Popular tourist spots like the Royal Palace, Tivoli Gardens, Nyhavn (the famous riverside neighborhood whose multi-colored buildings is the iconic image of the city) and the statue of the Little Mermaid were on the itinerary, as were the chalk cliffs at Møns Klint on the Baltic Sea.
Danish architecture was also explored on the trip. An old, historic city, Copenhagen has welcomed modern design, as evidenced in the Royal Library (better known as “the Black Diamond”), the Royal Danish Opera House and the Royal Danish Playhouse.
“And our hotel in Frederiksberg allowed us to explore a fun and eclectic urban Danish space – sushi, Greek food and two coffee shoppes all within five minutes from the hotel!” O’Gorman said.
Rachel Britt ’18, a senior design major from Maryville, said she was surprised by how family-oriented Copenhagen is and how trusting the Danes are.
“I saw so many families living in the city,” she said. “Moms and dads would have these bikes with huge carts in the front that would hold their kids, and they would go to the market or the park,” she said. “And people would comfortably leave their kids in carts outside by the side of a market.
“I would love to live in a city where I could feel free enough to trust everyone.”
Stockholm is example in sustainability
After five days in Copenhagen, the group traveled to Stockholm for two days. While students and faculty found Stockholm to be somewhat less sustainably-focused than Denmark, they said they still experienced hygge.
“Stockholm is a much larger city, but Gamla Stan, the old city, is very accessible,” O’Gorman said. “The narrow cobblestone streets leading you to the Nobel Museum, where the Nobel Prize is announced, were all you would hope to see in an old European city.”
Walking is encouraged in the Swedish capital – and Co2 emissions are cut – by limiting public transportation to six hours. The group also saw energy-efficient buildings, staying in hostel recognized with the hotel industry’s Green Key award for environmental sustainability.
In addition to the Nobel Museum, students and faculty visited museums dedicated to ships, modern art, photography, Swedish culture and Abba, the pop band of the 1970s and 1980s.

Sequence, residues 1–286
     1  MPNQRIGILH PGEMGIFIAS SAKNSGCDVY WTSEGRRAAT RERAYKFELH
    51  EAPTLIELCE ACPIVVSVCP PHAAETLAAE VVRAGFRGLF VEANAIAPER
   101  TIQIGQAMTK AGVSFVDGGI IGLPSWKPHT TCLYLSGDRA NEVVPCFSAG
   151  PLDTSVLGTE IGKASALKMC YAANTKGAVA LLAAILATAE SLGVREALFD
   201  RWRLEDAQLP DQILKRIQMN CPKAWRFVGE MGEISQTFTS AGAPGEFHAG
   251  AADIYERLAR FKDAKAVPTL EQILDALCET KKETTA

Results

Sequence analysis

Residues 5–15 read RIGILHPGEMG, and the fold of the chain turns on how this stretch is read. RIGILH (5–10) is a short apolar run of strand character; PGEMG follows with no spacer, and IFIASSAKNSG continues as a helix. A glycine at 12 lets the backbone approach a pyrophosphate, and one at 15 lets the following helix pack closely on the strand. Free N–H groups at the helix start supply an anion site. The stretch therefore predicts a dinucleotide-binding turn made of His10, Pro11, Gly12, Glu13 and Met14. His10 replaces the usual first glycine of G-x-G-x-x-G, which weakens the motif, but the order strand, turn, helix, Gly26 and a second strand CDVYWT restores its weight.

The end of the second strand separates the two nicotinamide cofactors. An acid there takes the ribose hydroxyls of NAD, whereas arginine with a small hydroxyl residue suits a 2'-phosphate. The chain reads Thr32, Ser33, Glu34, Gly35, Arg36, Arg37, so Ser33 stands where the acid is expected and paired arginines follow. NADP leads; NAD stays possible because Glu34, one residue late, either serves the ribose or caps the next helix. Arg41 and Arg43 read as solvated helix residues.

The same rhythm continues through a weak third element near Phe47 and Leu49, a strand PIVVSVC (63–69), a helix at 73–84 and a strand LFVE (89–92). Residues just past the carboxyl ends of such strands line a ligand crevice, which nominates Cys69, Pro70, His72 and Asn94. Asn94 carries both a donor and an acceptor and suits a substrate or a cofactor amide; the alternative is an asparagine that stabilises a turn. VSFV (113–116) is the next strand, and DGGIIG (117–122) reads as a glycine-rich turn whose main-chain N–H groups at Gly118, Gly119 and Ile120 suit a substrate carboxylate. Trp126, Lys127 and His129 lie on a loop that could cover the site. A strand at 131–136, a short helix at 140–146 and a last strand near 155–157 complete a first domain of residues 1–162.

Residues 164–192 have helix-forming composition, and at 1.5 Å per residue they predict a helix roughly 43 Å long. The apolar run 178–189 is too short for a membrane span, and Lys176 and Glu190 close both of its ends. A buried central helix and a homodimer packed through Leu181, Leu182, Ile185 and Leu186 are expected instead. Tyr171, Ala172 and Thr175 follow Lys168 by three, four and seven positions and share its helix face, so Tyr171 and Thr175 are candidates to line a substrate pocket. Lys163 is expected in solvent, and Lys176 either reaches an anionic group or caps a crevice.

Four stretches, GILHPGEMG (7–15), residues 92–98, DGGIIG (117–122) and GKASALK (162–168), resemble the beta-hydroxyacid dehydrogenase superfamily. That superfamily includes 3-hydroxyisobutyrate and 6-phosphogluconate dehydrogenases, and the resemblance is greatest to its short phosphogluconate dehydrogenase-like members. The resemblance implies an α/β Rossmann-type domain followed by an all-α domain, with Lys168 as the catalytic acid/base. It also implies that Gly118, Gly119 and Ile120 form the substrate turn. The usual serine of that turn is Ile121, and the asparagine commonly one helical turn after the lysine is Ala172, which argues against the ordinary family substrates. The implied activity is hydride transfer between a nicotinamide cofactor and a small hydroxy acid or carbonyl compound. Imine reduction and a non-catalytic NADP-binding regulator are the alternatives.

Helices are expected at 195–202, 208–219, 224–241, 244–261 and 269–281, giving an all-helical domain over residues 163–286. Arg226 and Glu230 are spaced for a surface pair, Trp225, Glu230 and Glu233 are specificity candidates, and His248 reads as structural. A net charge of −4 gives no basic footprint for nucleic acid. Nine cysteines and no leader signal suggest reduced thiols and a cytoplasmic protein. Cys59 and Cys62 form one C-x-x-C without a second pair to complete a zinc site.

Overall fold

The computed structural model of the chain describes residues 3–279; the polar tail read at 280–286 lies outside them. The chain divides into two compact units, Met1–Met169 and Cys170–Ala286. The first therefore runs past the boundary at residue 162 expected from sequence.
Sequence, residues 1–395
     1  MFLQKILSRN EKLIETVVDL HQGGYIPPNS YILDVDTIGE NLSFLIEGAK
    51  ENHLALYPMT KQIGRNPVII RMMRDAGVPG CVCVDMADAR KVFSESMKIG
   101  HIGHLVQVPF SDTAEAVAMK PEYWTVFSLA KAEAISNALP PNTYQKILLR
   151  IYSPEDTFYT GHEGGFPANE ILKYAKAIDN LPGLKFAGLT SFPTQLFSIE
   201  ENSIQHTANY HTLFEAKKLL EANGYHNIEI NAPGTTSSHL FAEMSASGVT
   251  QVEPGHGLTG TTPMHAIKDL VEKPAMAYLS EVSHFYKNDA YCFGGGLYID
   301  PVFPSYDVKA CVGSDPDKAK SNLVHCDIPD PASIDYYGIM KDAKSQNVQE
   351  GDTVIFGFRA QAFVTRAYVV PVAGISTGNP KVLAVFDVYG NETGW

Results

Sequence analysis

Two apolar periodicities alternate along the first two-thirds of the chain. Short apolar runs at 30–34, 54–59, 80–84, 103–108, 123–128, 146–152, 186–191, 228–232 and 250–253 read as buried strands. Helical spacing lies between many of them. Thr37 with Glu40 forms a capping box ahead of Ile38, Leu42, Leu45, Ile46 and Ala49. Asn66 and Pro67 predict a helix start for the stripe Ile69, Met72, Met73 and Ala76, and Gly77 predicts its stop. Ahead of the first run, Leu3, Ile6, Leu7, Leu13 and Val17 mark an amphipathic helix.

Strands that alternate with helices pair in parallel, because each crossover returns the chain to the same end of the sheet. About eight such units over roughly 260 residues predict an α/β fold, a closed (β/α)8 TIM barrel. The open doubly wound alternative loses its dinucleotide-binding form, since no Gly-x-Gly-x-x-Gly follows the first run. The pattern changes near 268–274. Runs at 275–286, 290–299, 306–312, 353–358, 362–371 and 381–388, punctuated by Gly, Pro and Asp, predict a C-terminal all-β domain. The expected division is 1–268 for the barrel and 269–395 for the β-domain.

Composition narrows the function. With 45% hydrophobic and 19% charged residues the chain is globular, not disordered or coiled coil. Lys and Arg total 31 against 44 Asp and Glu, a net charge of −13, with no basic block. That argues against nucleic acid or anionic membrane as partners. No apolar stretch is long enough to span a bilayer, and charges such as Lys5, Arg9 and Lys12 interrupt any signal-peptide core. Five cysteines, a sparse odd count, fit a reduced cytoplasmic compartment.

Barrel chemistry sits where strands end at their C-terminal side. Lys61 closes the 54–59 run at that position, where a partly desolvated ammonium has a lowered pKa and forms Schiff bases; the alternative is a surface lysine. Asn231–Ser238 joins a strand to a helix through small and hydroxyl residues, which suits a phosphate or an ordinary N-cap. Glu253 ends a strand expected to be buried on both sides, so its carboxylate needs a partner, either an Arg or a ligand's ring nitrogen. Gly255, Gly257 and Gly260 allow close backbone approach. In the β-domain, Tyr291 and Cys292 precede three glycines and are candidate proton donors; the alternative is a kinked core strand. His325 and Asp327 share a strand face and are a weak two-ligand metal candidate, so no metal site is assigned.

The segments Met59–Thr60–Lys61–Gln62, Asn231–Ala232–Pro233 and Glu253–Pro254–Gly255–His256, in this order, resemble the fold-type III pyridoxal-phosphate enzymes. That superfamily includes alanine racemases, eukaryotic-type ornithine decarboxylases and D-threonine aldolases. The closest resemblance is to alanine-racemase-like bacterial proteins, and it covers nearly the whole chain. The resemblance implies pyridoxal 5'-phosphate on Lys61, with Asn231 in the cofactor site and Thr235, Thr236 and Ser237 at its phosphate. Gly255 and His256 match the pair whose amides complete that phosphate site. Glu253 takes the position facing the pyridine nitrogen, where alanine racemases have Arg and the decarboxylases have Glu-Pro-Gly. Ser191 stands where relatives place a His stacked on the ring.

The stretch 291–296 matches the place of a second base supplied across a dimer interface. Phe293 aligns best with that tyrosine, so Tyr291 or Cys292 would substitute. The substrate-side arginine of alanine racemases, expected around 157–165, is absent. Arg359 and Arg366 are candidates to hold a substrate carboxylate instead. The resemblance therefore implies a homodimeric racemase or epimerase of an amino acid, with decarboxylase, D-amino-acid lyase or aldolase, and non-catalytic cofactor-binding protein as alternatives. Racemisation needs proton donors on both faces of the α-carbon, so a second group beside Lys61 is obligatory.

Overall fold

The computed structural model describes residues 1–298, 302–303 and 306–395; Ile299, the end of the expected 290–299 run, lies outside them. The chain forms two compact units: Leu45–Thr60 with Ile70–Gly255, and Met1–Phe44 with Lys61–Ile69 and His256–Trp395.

Hygge is lasting
The group flew back to Tennessee June 4, but Manning and Britt said they brought Scandinavian hygge home with them.
“After this trip, I have really taken to the idea of minimalism and living with items that serve a purpose and allow for a life of happiness sans clutter,” Manning said. “[In Denmark and Sweden], everything and everyone was clean and welcoming. Areas of land and all parts of the city were built with a purpose and to serve its inhabitants well and the environment responsibility.”
Britt, who stays busy with school, jobs and internships, said she now gives herself permission to take time to recharge.
“I now tell myself that it’s okay to stop working for an hour or two and have time to light a few candles and read a good book or take a nap,” she said. “I also really appreciate having long dinners or lunches with people. It’s an everyday lifestyle for people in Scandinavia to sit down and eat instead of eating on the go.”
Britt’s most memorable experience on the trip may also be the most hygge.
“We took an overnight bus from Stockholm back to Copenhagen. Almost everyone was asleep, and I was still looking out the window to watch the sun go down at midnight,” she remembered. “You have to understand, we were so far north that the sun goes down super late at night and rises really early in the morning in the summer. So as we were driving, the sun went down and as I turned my head to look out the other window, the sun was just beginning to rise. It was a truly a once-in-a-lifetime experience. I will never forget that.”
Schwarte and O’Gorman plan to offer the course and lead the trip again in 2019 or 2020.
Manning and Britt wholeheartedly encouraged future students to enroll.
“Just do it,” Britt said. “Go out and explore the world. Explore different cultures. Any chance you get to explore something completely different then the place you are living now, do it.”
By Karen Beaty Eldridge '94, Executive Director for Marketing & Communications
Maryville College is ideally situated in Maryville, Tenn., between the Great Smoky Mountains National Park and Knoxville, the state's third largest city. Founded in 1819, it is the 12th oldest institution of higher learning in the South and maintains an affiliation with the Presbyterian Church (USA). Known for offering its students a rigorous and highly personal experience that includes an undergraduate research requirement, Maryville College is a nationally ranked institution of higher learning that successfully joins the liberal arts and professional preparation. Total enrollment for the Fall 2017 semester is 1,181.